John Cranage looks into the latest appointment to the West Bromwich Building Society board
Restructuring of the loss-making West Bromwich Building Society’s board of directors has been completed with the appointment of a new chairman.
Succeeding Brian Woods-Scawen after six years is Mark Nicholls, a senior City of London figure with wide experience of the financial services sector.
Described by the West Brom as a “strategic thinker with excellent leaderships skills and an ability to get the best out of people”, 60-year-old Mr Nicholls is a former main board director of investment bank Warburg and was later managing director of the Royal Bank of Scotland’s private equity business.
He has experience of the building society through non-executive roles with the Portman and the Nationwide.
He has stepped down from Nationwide following his appointment to the West Brom board, but holds a number of other non-executive posts and is a member of a number of public bodies, including the National Lottery Fair Share Fund. Mr Nicholls trained as a solicitor and has an MBA from City University in London.
Mr Woods-Scawen announced at the West Brom’s stormy annual meeting in July that he would stand down as chairman once a successor had been identified. West Brom chief executive Robert Sharpe said: “I can think of no one who fits the requirements of chairman better.
“His reputation speaks for itself with a lifetime spent working for major UK and international plc companies where his renowned leadership qualities, awareness of the risks facing the financial services industry and strategic outlook have won him many admirers.
“This, together with his experience of the building society sector, means Mark will provide a significant contribution to the future direction of the Society.”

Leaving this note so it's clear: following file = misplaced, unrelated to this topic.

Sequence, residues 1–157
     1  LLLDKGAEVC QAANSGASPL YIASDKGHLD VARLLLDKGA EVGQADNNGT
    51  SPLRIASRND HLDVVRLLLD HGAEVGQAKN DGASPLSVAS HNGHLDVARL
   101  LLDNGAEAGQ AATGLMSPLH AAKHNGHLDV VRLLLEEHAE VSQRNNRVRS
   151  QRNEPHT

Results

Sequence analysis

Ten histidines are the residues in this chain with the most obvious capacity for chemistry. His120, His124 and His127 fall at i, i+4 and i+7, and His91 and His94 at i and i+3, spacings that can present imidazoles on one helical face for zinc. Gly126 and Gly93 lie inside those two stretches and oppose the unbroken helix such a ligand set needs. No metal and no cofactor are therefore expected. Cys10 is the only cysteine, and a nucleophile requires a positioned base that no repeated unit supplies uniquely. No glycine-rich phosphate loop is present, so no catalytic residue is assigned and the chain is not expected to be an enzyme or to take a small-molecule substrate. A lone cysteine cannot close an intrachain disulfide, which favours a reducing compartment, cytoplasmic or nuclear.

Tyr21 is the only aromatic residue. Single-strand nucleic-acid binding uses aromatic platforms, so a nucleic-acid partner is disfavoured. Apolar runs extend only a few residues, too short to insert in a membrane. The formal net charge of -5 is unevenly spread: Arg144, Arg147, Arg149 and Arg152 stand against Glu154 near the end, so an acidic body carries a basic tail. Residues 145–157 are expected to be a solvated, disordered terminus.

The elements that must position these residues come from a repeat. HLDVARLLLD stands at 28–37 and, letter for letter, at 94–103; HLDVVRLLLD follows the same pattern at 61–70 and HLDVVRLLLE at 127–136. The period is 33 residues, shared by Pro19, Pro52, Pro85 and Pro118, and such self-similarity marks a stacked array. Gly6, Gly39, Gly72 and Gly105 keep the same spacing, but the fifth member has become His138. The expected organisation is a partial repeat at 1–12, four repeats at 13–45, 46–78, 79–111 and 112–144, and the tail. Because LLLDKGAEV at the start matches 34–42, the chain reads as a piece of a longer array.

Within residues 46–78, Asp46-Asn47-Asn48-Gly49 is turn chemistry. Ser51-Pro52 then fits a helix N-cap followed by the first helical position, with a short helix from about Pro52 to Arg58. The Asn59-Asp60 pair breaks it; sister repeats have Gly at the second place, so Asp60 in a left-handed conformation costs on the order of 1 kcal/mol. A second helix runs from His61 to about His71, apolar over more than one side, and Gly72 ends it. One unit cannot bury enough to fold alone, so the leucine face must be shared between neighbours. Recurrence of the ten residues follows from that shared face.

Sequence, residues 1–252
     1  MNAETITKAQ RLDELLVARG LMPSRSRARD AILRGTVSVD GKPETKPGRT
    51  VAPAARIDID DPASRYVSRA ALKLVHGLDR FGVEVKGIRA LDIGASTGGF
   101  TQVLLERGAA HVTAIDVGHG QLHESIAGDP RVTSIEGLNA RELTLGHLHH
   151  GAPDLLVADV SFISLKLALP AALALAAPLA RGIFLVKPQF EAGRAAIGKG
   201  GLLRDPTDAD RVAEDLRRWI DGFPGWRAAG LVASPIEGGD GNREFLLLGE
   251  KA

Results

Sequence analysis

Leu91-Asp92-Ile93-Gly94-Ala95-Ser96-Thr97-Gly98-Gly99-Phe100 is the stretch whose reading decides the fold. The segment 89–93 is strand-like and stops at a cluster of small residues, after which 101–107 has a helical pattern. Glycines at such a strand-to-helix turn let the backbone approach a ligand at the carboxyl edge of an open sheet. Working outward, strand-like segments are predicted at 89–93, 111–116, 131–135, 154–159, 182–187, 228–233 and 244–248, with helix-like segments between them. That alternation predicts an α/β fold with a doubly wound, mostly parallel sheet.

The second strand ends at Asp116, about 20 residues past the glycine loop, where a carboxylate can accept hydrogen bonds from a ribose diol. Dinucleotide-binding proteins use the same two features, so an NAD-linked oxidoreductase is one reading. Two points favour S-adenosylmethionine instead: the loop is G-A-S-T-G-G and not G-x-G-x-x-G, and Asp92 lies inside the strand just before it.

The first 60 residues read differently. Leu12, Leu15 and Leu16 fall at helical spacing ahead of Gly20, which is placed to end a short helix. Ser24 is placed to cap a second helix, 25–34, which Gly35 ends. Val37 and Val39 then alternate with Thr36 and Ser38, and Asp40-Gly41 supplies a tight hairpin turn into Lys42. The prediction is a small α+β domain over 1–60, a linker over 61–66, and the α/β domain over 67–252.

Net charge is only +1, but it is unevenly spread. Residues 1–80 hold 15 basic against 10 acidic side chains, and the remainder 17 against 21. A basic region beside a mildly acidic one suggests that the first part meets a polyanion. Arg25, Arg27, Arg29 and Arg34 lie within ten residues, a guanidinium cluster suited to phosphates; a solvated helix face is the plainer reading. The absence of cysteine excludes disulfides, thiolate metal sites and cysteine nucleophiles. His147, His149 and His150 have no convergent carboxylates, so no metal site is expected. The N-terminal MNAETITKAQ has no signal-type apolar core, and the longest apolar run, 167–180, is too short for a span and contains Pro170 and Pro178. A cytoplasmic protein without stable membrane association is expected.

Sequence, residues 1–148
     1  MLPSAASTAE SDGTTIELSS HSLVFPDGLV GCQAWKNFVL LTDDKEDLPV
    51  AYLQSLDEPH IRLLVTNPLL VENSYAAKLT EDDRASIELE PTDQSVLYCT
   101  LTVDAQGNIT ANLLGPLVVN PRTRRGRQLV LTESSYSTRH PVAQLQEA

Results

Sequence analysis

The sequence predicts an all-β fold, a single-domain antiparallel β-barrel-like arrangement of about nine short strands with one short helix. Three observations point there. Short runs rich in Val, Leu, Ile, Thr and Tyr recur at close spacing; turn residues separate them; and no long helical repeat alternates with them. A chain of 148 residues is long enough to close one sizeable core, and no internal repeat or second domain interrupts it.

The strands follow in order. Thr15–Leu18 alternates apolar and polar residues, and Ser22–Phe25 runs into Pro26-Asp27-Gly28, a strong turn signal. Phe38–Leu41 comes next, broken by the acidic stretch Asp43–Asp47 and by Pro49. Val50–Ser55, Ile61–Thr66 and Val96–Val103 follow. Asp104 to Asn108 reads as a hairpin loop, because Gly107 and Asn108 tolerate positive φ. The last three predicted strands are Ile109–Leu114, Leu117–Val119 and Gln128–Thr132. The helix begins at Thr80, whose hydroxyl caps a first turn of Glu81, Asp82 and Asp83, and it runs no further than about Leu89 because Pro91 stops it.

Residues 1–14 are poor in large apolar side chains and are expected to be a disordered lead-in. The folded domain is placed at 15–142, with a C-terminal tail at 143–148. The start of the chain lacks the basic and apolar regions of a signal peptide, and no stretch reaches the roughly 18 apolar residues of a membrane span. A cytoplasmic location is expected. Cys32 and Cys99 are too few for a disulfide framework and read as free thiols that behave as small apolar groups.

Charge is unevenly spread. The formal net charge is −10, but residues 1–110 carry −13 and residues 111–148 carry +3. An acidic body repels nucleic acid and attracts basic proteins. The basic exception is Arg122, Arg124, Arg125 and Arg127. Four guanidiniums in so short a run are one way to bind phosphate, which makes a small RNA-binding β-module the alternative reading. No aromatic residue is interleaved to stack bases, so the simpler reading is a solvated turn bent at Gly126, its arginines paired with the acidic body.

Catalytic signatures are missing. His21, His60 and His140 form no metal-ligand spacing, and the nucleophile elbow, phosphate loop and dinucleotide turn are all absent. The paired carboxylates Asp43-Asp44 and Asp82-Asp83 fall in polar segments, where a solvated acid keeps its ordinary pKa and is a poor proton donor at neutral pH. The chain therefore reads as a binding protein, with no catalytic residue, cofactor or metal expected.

Paying tribute to Mr Woods-Scawen, Mr Sharpe said: “Brian has been a key part of the West Brom since first joining the Board in 2004.
“In that time, the economy has seen the deepest financial crisis in living memory.
“Brian was immensely important in helping to steer the West Brom through those difficulties to a situation where we are now strongly placed as the leading regionally-based building society in the Black Country and Birmingham.”
The 160-year-old mutual has had a rough ride since incurring losses of £39.3 million in 2008 after a decade of constant growth.
Amid fears that it would have to bailed out by the taxpayer or by another institution, it was able to maintain its independence with a ground-breaking debt-for-equity swap. This saw West Brom bonds with a market value of £182.5 million converted into a new type of instrument called a profit participating deferred share (PPDS).
Without the debt-holders’ agreement to the swap, the society could have gone the same way as a number of other mutuals whose balance sheets were wrecked by toxic commercial loans.
The West Brom board came under attack from angry members at the July AGM after it emerged that previous chief executive Stephen Karle had left with a golden handshake totalling £520,000, a record for a building society.
Mr Sharpe promised action to restore what he called the West Brom’s “tainted” and “tarnished” image and to boost its presence in the centre of Birmingham, although some of its current 47 branches may be at risk under a cost-cutting programme.
Since the AGM the board has been strengthened by the appointment of former Coventry BS chief executive Martin Ritchley and financial services professional Richard Sommers to the board.